Gung hold on! Marines to face new fitness requirements

BEAUFORT -- Beaufort Marines will soonbe subjected to a new Corps-approved physical fitness test described as "challenging, but attainable."

The Corps' new combat fitness test begins Oct. 1 at all Marine bases, including Marine Corps Air Station Beaufort. Portions of the test will be part of recruit conditioning at Marine Corps Recruit Depot Parris Island, but recruits will not take the test until they report to the School of Infantry at Camp Lejeune, N.C.

Gone are the push-ups, crunches and distance runs of the former physical fitness test in favor of exercises designed to measure skills used by Marines in war.

"This isn't a complete overhaul of the (physical fitness test), but rather an enhancement of that test," said Col. Brian McGuire, physical readiness programs officer at Marine Corps Training and Education Command in Quantico, Va. "We re-engineered some aspects of the physical fitness test to meet the demands of the combat environment."

The new test has three legs: an 880-yard run; an ammo-can lift in which a Marine must lift a 30-pound ammo can as many times as possible in two minutes; and a 300-yard obstacle course, where Marines maneuver through a series of cones, haul a mock casualty using two different carries and sprint 50 yards while holding two 30-pound ammo cans.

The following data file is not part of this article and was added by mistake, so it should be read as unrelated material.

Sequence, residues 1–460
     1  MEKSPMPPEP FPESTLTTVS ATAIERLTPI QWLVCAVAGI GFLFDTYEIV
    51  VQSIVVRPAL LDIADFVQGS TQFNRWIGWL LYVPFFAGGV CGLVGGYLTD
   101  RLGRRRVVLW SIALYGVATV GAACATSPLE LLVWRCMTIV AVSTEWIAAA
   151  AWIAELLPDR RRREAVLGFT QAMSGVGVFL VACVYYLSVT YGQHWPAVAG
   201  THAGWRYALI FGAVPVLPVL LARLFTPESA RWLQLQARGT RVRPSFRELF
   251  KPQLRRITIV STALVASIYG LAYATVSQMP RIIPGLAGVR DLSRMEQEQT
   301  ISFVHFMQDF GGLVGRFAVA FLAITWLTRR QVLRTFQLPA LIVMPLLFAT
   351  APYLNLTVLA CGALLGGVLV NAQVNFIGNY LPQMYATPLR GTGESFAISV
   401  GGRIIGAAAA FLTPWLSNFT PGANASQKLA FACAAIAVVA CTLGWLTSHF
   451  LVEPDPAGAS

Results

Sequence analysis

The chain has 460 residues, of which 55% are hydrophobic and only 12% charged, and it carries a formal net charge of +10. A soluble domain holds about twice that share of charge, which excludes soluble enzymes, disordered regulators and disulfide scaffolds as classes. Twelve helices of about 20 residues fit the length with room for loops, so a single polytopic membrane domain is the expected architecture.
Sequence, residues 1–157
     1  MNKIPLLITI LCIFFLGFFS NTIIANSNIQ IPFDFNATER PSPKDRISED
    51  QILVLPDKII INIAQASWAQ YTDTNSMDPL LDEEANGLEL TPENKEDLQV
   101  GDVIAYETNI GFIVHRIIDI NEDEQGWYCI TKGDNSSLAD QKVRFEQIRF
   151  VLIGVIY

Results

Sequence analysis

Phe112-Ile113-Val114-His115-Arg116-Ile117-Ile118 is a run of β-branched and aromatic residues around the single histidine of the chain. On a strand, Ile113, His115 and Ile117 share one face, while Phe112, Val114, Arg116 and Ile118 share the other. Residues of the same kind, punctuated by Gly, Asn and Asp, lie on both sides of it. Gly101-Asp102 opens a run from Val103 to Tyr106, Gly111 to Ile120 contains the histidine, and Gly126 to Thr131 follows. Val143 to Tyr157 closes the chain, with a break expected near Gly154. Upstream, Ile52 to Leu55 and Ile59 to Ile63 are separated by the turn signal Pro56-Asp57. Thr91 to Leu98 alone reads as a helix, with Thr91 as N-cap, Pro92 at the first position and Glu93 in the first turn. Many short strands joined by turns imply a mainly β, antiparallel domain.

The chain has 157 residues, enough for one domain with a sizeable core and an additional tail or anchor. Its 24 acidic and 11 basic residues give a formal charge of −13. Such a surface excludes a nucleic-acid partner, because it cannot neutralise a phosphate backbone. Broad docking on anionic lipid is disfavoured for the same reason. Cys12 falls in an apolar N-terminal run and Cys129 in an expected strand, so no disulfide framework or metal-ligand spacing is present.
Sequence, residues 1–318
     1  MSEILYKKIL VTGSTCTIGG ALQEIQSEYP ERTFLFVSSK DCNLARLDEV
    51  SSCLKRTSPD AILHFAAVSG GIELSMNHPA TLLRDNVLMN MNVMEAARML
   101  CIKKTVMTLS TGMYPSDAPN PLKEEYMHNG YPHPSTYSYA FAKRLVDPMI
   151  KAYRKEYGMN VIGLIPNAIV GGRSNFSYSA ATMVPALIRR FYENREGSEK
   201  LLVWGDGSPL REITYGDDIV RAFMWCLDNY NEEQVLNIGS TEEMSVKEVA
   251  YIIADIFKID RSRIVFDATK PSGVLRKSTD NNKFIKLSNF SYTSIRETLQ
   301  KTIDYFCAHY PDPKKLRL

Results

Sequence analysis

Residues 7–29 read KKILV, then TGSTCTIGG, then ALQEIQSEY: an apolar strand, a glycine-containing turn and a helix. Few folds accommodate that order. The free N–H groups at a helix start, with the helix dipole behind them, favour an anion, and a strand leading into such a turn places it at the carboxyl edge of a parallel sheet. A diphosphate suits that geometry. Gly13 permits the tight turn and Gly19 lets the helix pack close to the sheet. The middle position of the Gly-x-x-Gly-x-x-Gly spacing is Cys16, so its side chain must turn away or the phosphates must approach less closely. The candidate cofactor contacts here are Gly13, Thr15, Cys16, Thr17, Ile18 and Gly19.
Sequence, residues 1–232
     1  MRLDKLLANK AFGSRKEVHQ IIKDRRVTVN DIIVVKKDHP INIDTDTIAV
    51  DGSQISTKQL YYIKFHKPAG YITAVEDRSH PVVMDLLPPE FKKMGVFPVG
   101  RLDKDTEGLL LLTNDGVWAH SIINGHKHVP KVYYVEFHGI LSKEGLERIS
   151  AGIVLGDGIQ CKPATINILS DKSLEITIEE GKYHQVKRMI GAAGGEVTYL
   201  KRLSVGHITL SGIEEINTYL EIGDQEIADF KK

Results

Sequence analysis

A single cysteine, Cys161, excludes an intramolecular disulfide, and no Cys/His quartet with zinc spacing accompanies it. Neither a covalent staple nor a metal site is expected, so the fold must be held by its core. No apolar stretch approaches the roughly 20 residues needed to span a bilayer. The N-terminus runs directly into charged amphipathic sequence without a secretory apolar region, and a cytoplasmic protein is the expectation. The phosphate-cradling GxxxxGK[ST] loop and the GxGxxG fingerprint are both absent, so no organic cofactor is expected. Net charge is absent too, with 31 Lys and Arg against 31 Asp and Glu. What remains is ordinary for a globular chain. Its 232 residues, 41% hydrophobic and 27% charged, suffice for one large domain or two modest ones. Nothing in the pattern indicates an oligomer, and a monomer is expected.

"It's challenging, but attainable," McGuire said.

Part of Commandant Gen. James Conway's push for a leaner Corps, the combat fitness test was tested at Marine installations across the country from January to June to get feedback and record performance data, McGuire said.

Marine Corps Air Station Beaufort was one of the combat test sites, where members of Marine Fighter Attack Squadron 251 and Marine Wing Support Squadron 273 gave it a test drive.

When the test is implemented, it will be taken by Marines on a pass-fail basis. Their times will be measured against others their age and gender. Those standards, McGuire said, were developed during the months of nationwide testing.

"We got a pretty large data set from that testing, and it represents a fairly large mosaic of the Corps," he said.

Starting in October 2009, the test will be scored and factored into cutting scores, which means that a poor performance on the test could affect a Marine's promotions.